John C. Lincoln Breast Health and Research Center
19646 N. 27th Ave., Suite 205
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Call 623-780-HOPE (4673) to learn about breast biopsy services at our center
Learn how John C. Lincoln's Breast Health and Research Center provides compassionate, coordinated and technologically advanced care.
In a breast biopsy, a radiologist will remove a small sample of breast tissue, so that it can be analyzed under a microscope. In many cases, it offers the only means of confirming whether a mass is breast cancer or benign.
At the John C. Lincoln Breast Health and Research Center, our two dedicated breast specialists perform a full range of biopsy procedures, which require great skill and expertise to do well.
In this discussion, our medical staff describes reasons for having a biopsy, as well as the different kinds of biopsies that are available.
Why might a patient need breast biopsy?
An imaging exam, such as a mammogram or MRI, can locate a mass in the breast tissue. Yet, sometimes a breast biopsy is needed to be absolutely certain that a mass is — or is not — cancerous. Breast biopsy will answer whether a patient will require surgery to remove the mass.
What are some of the most common kinds of biopsy?
The most common kinds of biopsy are stereotactic biopsy, ultrasound biopsy, needle aspiration biopsy, core needle biopsy and others. All biopsies share one characteristic: they're performed using a needle. You may have heard about "breast needle biopsy." It's the same as a breast biopsy.
What is stereotactic biopsy?
In stereotactic breast biopsy, the patient lies on the table face down. The breast goes through a hole in the table, and paddles hold the breast, just like a mammogram machine.
Using digital mammography, we will capture two-dimensional digital images of the breast from two different angles. Stereotactic biopsy is used specifically for areas found on the mammogram, such as calcifications, which may be only three grains of salt in size.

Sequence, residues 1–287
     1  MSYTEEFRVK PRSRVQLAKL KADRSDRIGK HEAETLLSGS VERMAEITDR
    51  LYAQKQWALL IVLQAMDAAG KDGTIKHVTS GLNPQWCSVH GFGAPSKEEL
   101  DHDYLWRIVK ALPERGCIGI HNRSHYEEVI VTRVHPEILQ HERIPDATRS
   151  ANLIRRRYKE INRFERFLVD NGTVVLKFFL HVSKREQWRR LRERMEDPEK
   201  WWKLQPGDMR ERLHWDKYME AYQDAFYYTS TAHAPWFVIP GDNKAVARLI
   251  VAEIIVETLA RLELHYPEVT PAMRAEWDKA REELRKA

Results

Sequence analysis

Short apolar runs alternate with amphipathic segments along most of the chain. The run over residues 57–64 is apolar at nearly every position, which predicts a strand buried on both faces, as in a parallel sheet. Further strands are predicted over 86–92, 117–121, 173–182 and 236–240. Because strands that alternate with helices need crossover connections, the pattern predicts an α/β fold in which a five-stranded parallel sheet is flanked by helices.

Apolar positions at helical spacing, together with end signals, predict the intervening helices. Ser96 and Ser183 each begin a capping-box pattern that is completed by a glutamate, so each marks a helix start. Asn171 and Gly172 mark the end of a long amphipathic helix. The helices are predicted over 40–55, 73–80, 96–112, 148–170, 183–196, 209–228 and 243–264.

You can't biopsy calcifications using ultrasound, simply because calcifications are not visible in ultrasound. You have to use stereotactic biopsy.
What is ultrasound biopsy?
In an ultrasound biopsy, the patient lies on her back. Using a handheld transducer, a technologist will scan the breast to find the mass. Then, the breast will be numbed, and the needle inserted.
Just as we use stereotactic biopsy for tiny calcifications and other areas seen best by x-ray, we use ultrasound guidance to biopsy areas of concern seen better with ultrasound.
And finally, what are needle aspiration biopsy and core needle biopsy?
A needle aspiration biopsy may be used when a patient has a cyst, which can be large and uncomfortable. In this procedure, we'll insert a needle into the breast to aspirate — or draw out — the fluid, so that the patient is comfortable again.
If the fluid has blood in it, we send it out to a lab for further review. However, that's pretty rare. Sometimes cancers can have a really thick fluid, but it's not a cyst. We'll always do a biopsy in that case.
In core needle biopsy, it's tissue — not fluid — that's removed from a breast lump. Differently sized hollow needles are used for this procedure. The samples are sent to pathology for further examination.